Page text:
Poor reporting limits impact of research into improving surgical care

A new review of academic papers has found that the reporting of attempts to improve the quality of care before, during, and after surgery is “suboptimal”.

Researchers from our University and Royal Brompton and Harefield NHS Foundation Trust found that, on average, the papers were missing 43% of the elements they should have been reporting. This could significantly reduce the usefulness of these papers, and their positive impact on patient care.

The study, published this month in The Joint Commission Journal on Quality and Patient Safety, reviewed 100 academic articles which described techniques to improve the quality and safety of surgical care. Funded by the Health Foundation and the Wellcome Trust, the review assessed each article against a checklist of items for accurate and complete reporting.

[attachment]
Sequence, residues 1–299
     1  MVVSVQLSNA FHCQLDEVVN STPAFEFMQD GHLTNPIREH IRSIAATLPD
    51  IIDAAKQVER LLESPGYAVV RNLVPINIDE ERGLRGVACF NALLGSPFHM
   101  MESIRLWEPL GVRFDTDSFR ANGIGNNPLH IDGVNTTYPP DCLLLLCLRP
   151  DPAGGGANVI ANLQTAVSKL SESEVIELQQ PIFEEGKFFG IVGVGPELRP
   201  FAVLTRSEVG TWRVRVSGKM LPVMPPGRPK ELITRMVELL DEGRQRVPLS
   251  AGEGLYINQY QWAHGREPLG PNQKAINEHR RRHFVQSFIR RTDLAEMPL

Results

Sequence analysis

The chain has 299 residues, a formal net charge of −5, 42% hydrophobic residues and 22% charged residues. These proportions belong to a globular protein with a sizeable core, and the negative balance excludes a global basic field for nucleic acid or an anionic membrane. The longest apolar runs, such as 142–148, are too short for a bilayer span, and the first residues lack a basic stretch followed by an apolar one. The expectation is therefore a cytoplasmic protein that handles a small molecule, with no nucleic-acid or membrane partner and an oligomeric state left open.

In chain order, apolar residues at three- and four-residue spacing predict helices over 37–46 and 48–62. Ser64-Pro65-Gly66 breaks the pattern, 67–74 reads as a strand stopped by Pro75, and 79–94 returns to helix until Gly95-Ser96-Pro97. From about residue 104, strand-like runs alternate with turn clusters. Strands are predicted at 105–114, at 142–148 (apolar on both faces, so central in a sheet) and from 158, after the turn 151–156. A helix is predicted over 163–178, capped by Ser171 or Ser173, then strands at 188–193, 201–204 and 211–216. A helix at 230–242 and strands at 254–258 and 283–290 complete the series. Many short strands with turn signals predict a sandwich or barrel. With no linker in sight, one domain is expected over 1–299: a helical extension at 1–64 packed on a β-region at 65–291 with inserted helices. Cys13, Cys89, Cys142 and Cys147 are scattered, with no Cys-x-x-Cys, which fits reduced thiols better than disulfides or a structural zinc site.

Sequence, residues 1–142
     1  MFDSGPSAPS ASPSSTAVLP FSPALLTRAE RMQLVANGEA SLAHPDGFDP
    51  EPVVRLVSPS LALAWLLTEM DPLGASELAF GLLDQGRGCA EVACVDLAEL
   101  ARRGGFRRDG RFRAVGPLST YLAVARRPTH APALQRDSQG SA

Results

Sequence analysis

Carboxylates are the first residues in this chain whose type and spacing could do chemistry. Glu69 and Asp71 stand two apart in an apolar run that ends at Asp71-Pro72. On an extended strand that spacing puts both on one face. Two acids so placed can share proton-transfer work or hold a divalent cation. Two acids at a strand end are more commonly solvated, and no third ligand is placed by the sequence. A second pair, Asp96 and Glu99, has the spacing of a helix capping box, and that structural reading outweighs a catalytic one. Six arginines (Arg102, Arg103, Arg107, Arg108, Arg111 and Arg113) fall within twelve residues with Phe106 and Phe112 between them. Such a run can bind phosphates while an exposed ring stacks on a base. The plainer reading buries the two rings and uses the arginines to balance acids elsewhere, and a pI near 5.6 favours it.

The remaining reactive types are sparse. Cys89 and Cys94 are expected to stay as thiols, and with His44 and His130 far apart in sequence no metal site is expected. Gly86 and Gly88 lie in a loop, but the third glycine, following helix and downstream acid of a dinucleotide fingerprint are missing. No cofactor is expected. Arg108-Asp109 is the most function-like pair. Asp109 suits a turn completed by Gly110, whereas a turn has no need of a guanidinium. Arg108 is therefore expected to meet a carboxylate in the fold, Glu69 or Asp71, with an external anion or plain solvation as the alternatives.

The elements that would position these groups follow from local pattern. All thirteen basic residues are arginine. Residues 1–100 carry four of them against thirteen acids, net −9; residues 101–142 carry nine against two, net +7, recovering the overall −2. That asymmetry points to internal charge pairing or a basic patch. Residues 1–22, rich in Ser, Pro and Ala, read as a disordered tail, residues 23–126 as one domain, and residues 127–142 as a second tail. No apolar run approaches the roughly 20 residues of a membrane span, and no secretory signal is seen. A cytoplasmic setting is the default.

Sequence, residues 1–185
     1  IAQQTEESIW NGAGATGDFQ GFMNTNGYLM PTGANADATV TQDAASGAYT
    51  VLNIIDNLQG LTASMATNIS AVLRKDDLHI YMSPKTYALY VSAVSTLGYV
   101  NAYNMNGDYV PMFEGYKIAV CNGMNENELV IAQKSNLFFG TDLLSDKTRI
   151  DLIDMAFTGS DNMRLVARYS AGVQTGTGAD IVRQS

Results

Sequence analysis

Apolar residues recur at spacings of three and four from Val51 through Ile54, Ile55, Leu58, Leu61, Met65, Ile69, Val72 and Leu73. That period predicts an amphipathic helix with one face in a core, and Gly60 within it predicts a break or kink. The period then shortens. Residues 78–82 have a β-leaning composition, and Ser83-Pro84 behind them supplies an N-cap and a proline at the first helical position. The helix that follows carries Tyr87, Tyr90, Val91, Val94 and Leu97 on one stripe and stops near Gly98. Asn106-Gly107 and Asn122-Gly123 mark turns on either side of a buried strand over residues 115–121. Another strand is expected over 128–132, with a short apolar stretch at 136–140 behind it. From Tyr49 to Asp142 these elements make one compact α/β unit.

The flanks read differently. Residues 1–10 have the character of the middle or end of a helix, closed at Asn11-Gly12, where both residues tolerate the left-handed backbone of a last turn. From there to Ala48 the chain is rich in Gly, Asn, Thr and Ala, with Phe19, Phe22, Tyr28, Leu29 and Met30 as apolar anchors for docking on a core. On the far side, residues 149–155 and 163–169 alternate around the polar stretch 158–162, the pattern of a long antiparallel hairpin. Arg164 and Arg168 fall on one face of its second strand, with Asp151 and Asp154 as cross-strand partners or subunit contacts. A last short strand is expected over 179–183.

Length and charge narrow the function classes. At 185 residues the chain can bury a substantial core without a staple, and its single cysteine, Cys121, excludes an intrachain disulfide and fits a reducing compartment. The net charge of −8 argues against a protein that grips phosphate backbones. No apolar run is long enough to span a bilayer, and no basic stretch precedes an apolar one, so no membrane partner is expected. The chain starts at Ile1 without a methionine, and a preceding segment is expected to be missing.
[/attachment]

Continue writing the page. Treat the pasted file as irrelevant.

“We found that key information needed to understand what had done in the studies was often missing from articles,” said lead author Emma Jones of the Department of Health Sciences and SAPPHIRE group. “The most frequently missing information concerned whether the intervention to improve quality was actually delivered as it was supposed to be. Next, researchers often did not report whether any modifications had been made to the intervention.”

Study authors emphasised the problems caused by incomplete or inaccurate reporting, including challenges for those seeking to replicate successful interventions to improve care.